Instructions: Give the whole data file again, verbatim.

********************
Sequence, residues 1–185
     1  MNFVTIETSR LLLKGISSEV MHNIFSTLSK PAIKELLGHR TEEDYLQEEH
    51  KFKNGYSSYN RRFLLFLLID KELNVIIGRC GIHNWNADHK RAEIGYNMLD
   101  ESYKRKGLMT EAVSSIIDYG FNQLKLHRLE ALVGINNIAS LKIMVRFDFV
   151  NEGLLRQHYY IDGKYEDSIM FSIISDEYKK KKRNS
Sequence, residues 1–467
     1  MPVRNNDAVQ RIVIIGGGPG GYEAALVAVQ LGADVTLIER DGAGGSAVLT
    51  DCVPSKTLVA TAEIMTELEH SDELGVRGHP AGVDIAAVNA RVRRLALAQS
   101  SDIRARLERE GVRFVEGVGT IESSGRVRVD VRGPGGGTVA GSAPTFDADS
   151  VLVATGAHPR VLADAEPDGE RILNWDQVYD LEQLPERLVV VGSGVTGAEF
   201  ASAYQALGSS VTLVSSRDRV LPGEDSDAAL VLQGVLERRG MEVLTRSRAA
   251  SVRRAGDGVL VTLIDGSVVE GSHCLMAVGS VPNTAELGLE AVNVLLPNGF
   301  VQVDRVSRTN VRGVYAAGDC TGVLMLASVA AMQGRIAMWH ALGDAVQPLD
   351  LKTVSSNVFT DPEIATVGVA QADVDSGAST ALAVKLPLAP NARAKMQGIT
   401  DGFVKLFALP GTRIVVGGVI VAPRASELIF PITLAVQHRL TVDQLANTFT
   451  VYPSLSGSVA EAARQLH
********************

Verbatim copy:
Sequence, residues 1–185
     1  MNFVTIETSR LLLKGISSEV MHNIFSTLSK PAIKELLGHR TEEDYLQEEH
    51  KFKNGYSSYN RRFLLFLLID KELNVIIGRC GIHNWNADHK RAEIGYNMLD
   101  ESYKRKGLMT EAVSSIIDYG FNQLKLHRLE ALVGINNIAS LKIMVRFDFV
   151  NEGLLRQHYY IDGKYEDSIM FSIISDEYKK KKRNS
Sequence, residues 1–467
     1  MPVRNNDAVQ RIVIIGGGPG GYEAALVAVQ LGADVTLIER DGAGGSAVLT
    51  DCVPSKTLVA TAEIMTELEH SDELGVRGHP AGVDIAAVNA RVRRLALAQS
   101  SDIRARLERE GVRFVEGVGT IESSGRVRVD VRGPGGGTVA GSAPTFDADS
   151  VLVATGAHPR VLADAEPDGE RILNWDQVYD LEQLPERLVV VGSGVTGAEF
   201  ASAYQALGSS VTLVSSRDRV LPGEDSDAAL VLQGVLERRG MEVLTRSRAA
   251  SVRRAGDGVL VTLIDGSVVE GSHCLMAVGS VPNTAELGLE AVNVLLPNGF
   301  VQVDRVSRTN VRGVYAAGDC TGVLMLASVA AMQGRIAMWH ALGDAVQPLD
   351  LKTVSSNVFT DPEIATVGVA QADVDSGAST ALAVKLPLAP NARAKMQGIT
   401  DGFVKLFALP GTRIVVGGVI VAPRASELIF PITLAVQHRL TVDQLANTFT
   451  VYPSLSGSVA EAARQLH